"Genuflect."

"Right, I genuflect to the Pope, and then I seem to like it, because I stay down there a long time. I'm crawling around on the ground not being noticed by the Pope, who is busy blessing everyone and doesn't see me."

"What are you doing down there?"

"Well, this is the funny part. I'm crawling around by the Pope and I remember I'm trying to feel something. With the Pope there and everything, I figure I should be feeling things more intensely. I have this idea that everything will be intensified."

"But it wasn't happening."

"Right, it wasn't happening. It's just not there, I don't feel anything. So then I see this other kid, like me, on the floor, crawling. Except he's cut his thumb, and I can see this raised bead of blood on it, and he's looking at this blood and at the Pope, and it's like I start to feel through him, you know?"

"Uh huh. Weird."

"Yeah. It's like I feel for him, bleeding like that, and then I began feeling like him, and then I was him."

"And now you're thinking--what?"

"That-- you know." Martin looks down into his hands. "That it might be a sign or something. For us."

"For us?"

"Yeah. Like we're going to be OK now. I was this one person, and now I'm another."

"Just like that."

"Just like that. Why not?"

She sighs, and turns into the wall.

"You know you didn't have to work up a dream for this, you could've just bought the Pope's book at the mall."

"Knock it off, Kathleen."

"I'm sorry."

There is a long silence. Then she turns back to him, reaches out for his hand. He lets her take it.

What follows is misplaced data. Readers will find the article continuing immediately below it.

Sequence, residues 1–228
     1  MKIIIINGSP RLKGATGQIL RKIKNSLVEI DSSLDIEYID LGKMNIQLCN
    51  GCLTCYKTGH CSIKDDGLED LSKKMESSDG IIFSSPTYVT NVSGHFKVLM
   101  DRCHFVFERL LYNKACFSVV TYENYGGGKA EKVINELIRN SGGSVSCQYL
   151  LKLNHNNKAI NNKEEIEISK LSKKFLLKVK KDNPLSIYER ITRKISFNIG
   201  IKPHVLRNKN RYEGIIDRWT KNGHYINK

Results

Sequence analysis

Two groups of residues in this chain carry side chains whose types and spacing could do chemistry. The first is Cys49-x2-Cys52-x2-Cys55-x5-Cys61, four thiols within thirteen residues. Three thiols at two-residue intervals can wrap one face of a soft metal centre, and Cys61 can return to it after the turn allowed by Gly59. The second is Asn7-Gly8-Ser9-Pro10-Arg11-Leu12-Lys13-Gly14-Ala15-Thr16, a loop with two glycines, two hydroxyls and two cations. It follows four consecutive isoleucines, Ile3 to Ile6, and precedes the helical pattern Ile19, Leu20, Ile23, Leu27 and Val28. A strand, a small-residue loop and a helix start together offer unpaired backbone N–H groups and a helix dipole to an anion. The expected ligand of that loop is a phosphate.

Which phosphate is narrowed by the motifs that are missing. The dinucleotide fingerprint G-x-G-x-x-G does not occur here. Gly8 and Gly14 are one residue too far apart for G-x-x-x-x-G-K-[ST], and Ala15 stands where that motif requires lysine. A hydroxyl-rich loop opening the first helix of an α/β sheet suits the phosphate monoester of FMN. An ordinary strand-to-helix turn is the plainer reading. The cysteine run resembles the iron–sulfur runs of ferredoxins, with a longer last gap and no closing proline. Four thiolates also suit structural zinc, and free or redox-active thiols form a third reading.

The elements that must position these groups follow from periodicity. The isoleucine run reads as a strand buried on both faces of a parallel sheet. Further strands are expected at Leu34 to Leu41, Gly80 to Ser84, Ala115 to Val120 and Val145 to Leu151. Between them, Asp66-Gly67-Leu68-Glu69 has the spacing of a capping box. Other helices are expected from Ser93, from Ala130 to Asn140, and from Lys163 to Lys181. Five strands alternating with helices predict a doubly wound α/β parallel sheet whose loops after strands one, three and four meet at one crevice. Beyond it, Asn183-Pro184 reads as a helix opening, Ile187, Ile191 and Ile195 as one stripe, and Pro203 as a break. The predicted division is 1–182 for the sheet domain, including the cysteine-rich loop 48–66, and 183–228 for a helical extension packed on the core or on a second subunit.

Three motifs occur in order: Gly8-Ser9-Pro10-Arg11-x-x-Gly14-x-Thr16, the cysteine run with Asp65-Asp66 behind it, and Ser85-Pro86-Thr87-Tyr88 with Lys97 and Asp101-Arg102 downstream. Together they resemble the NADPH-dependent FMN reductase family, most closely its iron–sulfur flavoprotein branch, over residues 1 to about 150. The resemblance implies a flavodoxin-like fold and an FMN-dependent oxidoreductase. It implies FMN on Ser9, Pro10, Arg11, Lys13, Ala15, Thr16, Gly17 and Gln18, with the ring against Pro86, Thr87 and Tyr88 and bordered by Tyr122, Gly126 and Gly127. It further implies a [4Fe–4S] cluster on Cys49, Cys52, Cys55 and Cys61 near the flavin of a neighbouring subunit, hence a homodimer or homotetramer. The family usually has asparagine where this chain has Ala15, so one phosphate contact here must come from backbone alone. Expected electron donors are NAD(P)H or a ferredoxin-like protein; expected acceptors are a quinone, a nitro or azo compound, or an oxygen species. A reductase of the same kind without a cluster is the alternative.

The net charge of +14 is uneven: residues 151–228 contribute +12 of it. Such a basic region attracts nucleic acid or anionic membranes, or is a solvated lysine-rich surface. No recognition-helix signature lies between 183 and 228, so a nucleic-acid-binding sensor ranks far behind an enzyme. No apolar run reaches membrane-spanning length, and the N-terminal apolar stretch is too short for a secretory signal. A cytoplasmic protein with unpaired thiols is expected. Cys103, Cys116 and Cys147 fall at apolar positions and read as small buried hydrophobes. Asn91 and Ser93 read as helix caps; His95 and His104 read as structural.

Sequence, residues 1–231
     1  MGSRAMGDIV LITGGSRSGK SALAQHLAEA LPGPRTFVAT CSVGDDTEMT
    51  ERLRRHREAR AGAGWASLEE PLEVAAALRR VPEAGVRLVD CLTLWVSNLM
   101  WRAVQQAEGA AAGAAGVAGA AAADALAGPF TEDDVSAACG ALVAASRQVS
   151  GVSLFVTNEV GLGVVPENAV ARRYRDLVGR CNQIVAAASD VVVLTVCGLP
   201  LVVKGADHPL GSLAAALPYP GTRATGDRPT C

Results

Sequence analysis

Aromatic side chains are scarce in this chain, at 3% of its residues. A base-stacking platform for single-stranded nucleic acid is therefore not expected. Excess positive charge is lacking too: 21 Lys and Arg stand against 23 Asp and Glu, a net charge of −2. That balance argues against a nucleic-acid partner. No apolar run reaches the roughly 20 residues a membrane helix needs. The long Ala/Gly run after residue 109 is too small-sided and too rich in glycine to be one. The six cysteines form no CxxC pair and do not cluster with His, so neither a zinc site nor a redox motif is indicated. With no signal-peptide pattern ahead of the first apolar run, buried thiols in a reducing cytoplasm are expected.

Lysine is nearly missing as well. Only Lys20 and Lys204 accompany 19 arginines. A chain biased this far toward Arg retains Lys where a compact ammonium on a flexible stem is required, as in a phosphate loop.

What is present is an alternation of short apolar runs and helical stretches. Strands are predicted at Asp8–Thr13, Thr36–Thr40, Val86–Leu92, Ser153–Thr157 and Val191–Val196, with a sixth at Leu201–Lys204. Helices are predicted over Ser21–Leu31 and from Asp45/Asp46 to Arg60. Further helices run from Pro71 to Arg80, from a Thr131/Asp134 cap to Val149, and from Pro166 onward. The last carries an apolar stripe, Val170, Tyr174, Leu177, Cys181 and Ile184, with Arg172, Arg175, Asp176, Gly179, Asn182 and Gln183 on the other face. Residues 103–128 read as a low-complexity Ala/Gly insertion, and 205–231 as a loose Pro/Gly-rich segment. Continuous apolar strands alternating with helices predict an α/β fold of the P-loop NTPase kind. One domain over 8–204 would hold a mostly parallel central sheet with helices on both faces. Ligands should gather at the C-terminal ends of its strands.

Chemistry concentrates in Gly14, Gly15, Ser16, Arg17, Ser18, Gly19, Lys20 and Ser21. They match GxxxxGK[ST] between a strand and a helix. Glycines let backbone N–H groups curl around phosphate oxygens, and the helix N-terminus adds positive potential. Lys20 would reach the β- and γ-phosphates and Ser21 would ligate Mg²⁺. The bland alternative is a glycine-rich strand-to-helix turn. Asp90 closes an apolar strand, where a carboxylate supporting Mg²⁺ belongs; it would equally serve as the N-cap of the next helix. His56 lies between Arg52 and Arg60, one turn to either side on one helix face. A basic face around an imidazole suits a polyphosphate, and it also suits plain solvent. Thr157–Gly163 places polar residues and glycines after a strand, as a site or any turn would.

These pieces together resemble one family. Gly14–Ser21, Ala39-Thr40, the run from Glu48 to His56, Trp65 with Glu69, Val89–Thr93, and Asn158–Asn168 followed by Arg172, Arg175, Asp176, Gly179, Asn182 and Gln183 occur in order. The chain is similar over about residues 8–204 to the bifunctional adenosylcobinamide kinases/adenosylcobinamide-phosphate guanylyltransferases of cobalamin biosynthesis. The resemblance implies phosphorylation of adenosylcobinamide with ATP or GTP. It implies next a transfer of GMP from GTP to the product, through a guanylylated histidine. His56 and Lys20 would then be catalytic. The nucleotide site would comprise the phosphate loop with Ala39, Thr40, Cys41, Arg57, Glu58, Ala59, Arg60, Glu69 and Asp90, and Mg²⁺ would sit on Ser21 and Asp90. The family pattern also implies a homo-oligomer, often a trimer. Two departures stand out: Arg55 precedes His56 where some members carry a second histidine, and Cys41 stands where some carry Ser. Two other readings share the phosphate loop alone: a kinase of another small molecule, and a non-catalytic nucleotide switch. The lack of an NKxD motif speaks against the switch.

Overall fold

"Look, Martin," she says. "I believe you, what you're trying to say here. That it's over with what's her face. Miss November. But there's something you should know."

He bites his lip. And waits.

"You've met someone. Is that it?"

"Well, what'd you expect, that I'd crash the convent? It's been eight months. You didn't call. I didn't call. Then I called and you didn't want to deal with it. Then you called and your timing, once again, was off."

"Who is he?"

"Who is she?"

"Was she. Miss November, remember?"

"Well, he's Dr. November, OK? A guy at work. No one you know. Why don't we just leave it at that?"

"So what was the big attraction for you with this guy? He's the master swordsman? He touches you in all your deepest places? He's the one we've all been waiting for?"

"You shit."

"Well?"

"He wasn't you."

Martin gets up, puts on his pants. He reaches under the bed and finds his shoes. His starts to lace one on, then throws it at the wall. The shoe ricochets off the wall and knocks a vase of flowers off the endtable.

"Are you quite finished?"

The water from the vase has soaked Martin's socks. He peels them off slowly, and lays them methodically on the bedspread.

"Look, Kathleen, I'm sorry. I guess you had the right. And who am I to blah blah blah. It's not pretty, any of it, and the worst part is I feel like we're reading off a bad script."

"Ditto."

"And the weird thing is, is that nothing really happens in this story. I mean something happened, something big took place here, but in a way everything is still in place. You're you, I'm me, the house is still the house and these are my clothes and our friends are still our friends--it's just that all the meanings have gotten jumbled around, out of order or something. Stuff that normally goes with other stuff is just lying around now, out of place. Emotions. We don't know where to put this other stuff that we feel, right? The bad stuff, I mean."

He considers this.